Metonymy as an Approach to a Real World
Whether what we sense of this world
is the what of this world only, or the what
of which of several possible worlds
--which what?--something of what we sense
may be true, may be the world, what it is, what we sense.
For the rest, a truce is possible, the tolerance
of travelers, eating foreign foods, trying words
that twist the tongue, to feel that time and place,
not thinking that this is the real world.
Conceded, that all the clocks tell local time;
conceded, that "here" is anywhere we bound
and fill a space; conceded, we make a world:
is something caught there, contained there,
something real, something which we can sense?
Once in a city blocked and filled, I saw
the light lie in the deep chasm of a street,
palpable and blue, as though it had drifted in
from say, the sea, a purity of space.
William Bronk is a good companion poet to read along with Wallace Stevens, as both concerned themselves with our ideas of a world unspoilt by skewed perception. Both were poets you could imagine walking among their gardens and cities of perfect forms, the ideal types and not the inferior , material imitations, chancing some thoughts beyond the gravity of the actual planet.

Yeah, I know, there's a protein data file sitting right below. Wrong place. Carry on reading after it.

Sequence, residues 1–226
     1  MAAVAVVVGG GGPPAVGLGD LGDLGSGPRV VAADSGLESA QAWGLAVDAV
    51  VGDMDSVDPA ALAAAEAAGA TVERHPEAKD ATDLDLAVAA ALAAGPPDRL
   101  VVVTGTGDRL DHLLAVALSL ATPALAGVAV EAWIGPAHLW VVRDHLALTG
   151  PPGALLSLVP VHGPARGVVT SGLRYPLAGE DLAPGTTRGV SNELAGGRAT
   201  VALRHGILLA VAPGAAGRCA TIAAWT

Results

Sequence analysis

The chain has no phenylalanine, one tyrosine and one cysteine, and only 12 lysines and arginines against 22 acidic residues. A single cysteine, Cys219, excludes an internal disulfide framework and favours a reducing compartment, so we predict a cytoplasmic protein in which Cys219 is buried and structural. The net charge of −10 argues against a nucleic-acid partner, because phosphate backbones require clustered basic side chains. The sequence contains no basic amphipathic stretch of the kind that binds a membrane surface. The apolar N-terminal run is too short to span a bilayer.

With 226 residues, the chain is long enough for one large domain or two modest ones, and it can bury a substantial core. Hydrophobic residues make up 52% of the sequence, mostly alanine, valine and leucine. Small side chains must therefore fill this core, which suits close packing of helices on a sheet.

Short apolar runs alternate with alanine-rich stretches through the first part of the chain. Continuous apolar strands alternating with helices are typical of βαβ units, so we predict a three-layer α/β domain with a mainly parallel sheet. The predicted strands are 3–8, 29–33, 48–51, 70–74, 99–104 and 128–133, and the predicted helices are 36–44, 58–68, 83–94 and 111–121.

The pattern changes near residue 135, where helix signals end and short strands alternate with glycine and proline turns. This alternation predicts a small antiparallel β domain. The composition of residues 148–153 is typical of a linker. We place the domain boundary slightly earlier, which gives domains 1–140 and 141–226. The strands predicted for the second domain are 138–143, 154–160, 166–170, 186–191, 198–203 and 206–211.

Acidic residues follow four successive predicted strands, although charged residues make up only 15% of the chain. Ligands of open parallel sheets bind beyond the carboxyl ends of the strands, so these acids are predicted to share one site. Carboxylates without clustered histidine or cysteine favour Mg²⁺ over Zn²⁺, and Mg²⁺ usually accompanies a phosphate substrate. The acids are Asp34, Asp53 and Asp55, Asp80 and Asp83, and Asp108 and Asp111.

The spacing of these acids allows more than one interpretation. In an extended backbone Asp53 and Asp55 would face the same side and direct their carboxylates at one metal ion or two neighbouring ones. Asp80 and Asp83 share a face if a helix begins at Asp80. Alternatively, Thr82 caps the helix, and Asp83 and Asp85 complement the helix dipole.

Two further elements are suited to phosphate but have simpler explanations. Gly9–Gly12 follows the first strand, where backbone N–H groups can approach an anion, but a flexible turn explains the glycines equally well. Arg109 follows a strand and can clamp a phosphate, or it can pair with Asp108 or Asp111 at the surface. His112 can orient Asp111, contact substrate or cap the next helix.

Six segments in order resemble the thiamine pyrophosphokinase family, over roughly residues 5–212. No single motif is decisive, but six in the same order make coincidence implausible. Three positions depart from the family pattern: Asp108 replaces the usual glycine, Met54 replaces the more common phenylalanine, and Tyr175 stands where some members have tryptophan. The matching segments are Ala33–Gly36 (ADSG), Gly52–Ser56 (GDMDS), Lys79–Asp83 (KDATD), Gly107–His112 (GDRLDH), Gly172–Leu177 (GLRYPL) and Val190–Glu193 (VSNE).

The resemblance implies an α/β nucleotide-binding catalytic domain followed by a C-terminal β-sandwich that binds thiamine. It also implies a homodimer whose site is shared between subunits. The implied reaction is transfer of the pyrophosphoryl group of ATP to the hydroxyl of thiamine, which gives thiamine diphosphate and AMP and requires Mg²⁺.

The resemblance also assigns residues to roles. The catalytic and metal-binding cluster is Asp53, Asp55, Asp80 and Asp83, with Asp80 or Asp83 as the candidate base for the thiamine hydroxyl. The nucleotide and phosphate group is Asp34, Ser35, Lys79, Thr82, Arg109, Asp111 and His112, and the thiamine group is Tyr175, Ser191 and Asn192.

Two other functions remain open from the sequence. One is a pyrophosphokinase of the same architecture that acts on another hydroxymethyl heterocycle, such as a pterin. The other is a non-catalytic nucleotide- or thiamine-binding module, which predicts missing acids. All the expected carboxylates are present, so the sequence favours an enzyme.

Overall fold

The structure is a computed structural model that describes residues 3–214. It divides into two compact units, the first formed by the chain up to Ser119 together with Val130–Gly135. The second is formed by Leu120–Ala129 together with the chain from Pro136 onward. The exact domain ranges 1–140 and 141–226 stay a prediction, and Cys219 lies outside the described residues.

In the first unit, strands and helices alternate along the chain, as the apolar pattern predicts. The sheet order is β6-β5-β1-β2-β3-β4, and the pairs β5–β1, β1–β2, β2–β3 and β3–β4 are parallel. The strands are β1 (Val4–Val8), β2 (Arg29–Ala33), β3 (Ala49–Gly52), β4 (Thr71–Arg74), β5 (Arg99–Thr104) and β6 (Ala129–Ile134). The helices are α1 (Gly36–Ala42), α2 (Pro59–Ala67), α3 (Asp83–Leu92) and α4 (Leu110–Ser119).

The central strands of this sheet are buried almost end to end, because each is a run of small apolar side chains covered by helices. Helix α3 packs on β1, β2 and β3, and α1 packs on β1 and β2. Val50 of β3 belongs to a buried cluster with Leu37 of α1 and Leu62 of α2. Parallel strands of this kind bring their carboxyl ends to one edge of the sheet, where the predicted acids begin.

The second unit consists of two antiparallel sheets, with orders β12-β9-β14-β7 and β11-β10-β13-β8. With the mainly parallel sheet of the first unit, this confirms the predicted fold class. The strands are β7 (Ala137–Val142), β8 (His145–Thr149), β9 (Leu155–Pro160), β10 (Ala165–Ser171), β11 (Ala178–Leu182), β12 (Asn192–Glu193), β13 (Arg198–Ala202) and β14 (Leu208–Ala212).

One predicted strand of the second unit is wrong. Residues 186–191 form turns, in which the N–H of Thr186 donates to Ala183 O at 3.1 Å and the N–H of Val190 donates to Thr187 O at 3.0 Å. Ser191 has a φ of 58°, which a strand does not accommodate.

Helen Vendler asserts in her review of new "Selected Poems" that Stevens disguised his true hurts and sorrows with symbolism, merging his high, English inspired cadences with a Yankee's habit of plain speak. His was a seamlessly expressed struggle between the ideal relationships among things, or the ideas of things finding harmony among their distinct qualities, and the tense world he must return to. He was a vice president of an insurance company, after all, an institution designed to protect and amend the quirky happenstance between gravity and clumsy people.
Bronk, in contrast, seems to be in one world who is constantly thinking of the other, and here suggests that it is our ability to coin words or vary our linguistic references to known, quantified qualities that recreates our world constantly, in terms of a musical score, with beats, rhythm, a narrative line that flows or gets jagged according to the tone each moment might take. And it is that skill,developed through various layers of frustrated experience and states of monotonous torpor, that we can again think of what we see as too familiar and what we see as alien and strange as intrinsically exciting, full of intrigue, it's own vital elements we can learn about and learn from. We come to think of the world in other words and not by the clinical terms they're assigned by dictionaries. This availed Bronk to see that light in the street he trudged every day, palpable and blue, as though it had drifted in from say, the sea, a purity of space.
Our language needs to remain vital and up to the task of re-inscribing conventional experiences, lest we miss the whole point of having senses to begin with.